City/county infrastructure

When tracking secular events, it is essential for the monitor to document articles involving systems associated with city and/or county government. Examples include emergency medical services, health departments and fire departments. In Massachusetts, researchers discovered that financial support by the local board of health corresponded with stronger smoke-free restaurant policies [23]. Events which increase or decrease board of health support or shift the board of health's focus may influence the adoption of smoke-free policies.

Based on the research team's experience, if a city or county's infrastructure is enhanced in such a way that new resources become available, the capacity to enact smoke-free laws may be enhanced. Conversely, some events may affect the infrastructure in a deleterious fashion, such that the public and elected officials focus their efforts on restoring the city or county's condition. A natural disaster is an example of such a situation. In this case, concerns for passing smoke-free policy might be replaced by a higher priority agenda (such as rebuilding damaged businesses and homes).

Wellness

This category encompasses events pertaining to obesity, cancer, diabetes, cardiovascular disease and other significant health problems, in addition to discussions of primary prevention in public health. Local health departments frequently tackle wellness issues and promote positive lifestyle changes to community residents, and most adopt a multifaceted approach by simultaneously targeting several health-related issues. In New York City, for example, public health programs and projects have addressed posting fat and calorie information at restaurants, immunizations, diabetes control and safe sexual activity, in addition to smoke-free policy [24]. Rural areas also maintain a holistic emphasis by focusing on many aspects of health and wellness. Consequently, measures aimed at reducing the prevalence of a particular disease or problem may simultaneously heighten awareness of other conditions. For example, a program emphasizing weight loss and exercise may cause community residents to desire, achieve and maintain a healthy lifestyle. Also, events such as Relay for Life and Race for the Cure illuminate cancer and can potentially mobilize citizens to be vigilant in preventing cancer development in the community. Smoke-free policy may be indirectly advanced due to these secular events, as the county's population becomes interested in overall wellness and prevention of disease. Alternately, secular events may divert attention away from smoke-free regulations. If a particular community struggles with very high rates of teen pregnancy, for example, residents and health professionals may focus the majority of their efforts and resources on addressing that particular issue, reducing the effects of study interventions and compromising internal validity.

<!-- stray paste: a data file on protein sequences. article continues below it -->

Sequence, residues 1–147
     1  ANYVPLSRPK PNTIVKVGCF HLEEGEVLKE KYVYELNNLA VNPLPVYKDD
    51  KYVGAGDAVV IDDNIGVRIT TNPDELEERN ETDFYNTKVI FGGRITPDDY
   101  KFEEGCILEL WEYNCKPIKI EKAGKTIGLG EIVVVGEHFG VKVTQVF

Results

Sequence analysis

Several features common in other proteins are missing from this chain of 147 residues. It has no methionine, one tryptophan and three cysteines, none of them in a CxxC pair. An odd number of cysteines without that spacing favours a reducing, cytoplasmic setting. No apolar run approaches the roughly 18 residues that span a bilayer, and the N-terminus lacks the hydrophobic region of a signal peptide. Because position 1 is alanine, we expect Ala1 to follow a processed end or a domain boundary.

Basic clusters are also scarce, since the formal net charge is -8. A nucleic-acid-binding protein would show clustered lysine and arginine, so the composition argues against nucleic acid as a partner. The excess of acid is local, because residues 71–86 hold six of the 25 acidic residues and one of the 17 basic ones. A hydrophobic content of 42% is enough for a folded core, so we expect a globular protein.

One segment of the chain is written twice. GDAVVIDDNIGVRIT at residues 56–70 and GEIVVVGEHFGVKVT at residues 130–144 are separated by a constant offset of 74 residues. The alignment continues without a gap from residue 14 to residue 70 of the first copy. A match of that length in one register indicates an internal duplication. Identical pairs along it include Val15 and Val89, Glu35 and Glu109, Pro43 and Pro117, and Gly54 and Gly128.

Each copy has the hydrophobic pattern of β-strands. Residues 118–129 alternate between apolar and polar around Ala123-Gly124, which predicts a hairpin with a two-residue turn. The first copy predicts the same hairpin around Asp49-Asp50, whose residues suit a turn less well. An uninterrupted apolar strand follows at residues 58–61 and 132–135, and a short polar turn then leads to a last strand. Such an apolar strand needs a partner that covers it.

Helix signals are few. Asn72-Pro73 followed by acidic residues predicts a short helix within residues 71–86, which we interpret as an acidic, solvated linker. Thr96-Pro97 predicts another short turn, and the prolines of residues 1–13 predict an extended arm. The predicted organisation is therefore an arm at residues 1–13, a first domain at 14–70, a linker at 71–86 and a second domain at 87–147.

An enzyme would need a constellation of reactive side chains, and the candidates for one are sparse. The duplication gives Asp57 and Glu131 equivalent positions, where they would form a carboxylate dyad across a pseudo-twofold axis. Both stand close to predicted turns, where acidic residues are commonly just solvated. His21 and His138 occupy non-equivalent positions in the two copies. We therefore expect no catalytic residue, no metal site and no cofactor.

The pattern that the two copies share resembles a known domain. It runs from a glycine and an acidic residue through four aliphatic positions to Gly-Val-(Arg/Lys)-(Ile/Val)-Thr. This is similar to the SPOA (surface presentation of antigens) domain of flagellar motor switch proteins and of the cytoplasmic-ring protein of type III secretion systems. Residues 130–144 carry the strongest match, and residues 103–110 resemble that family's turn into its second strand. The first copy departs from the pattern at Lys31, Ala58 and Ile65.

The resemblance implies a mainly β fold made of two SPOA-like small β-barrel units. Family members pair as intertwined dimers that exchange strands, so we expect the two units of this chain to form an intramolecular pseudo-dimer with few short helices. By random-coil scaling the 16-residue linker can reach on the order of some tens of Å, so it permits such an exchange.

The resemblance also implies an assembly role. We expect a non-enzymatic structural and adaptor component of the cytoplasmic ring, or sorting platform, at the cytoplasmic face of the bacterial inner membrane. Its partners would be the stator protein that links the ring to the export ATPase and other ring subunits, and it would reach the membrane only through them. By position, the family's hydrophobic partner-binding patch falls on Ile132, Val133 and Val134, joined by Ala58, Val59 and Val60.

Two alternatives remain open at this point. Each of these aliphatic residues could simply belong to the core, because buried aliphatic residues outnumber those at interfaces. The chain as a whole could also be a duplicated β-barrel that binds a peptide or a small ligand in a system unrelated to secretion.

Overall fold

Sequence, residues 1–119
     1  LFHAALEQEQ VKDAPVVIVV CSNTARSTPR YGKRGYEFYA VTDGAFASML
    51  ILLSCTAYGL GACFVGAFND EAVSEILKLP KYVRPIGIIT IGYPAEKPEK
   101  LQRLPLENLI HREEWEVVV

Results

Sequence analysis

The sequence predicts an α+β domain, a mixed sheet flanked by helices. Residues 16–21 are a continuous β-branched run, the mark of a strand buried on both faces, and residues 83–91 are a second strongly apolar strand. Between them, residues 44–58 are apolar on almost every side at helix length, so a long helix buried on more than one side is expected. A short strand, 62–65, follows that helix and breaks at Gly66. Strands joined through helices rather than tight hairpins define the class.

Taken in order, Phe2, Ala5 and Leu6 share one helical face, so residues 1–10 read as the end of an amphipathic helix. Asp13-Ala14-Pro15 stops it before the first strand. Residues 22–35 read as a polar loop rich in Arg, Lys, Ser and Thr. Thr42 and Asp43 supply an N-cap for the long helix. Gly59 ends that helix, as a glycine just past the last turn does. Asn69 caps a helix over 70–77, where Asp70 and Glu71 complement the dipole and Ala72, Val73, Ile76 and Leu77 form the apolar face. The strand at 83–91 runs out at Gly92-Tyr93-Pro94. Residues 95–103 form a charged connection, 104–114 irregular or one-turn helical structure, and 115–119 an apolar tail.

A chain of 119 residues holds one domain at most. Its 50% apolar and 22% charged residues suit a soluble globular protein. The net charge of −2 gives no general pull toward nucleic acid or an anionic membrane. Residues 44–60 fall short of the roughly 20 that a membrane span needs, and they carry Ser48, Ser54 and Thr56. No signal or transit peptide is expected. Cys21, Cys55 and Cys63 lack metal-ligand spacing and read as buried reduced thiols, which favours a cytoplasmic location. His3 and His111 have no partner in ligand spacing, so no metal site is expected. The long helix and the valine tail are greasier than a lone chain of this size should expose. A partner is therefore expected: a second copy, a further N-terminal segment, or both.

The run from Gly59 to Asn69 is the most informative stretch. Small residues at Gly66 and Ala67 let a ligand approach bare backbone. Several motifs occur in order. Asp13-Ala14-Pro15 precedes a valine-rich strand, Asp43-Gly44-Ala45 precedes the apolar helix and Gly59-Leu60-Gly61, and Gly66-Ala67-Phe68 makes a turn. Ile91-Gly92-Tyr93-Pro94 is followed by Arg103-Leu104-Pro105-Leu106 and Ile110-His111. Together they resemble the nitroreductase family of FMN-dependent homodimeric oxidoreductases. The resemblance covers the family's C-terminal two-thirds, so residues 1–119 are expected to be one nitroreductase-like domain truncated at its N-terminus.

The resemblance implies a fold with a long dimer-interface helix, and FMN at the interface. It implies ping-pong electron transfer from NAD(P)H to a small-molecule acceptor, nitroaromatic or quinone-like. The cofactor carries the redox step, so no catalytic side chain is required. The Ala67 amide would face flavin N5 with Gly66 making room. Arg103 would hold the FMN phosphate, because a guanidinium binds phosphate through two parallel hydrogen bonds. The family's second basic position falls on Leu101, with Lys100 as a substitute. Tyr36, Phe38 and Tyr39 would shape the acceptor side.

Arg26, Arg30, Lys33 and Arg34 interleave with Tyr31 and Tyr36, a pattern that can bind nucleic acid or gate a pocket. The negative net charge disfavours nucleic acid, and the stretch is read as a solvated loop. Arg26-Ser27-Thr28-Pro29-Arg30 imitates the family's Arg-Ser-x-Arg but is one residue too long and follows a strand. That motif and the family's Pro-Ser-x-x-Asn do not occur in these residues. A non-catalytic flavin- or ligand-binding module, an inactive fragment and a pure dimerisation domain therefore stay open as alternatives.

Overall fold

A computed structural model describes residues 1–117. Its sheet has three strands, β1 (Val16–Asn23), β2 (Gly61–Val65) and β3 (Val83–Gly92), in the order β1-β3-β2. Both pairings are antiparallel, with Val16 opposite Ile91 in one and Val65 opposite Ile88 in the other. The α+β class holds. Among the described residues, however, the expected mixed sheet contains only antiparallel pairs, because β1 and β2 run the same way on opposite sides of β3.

Results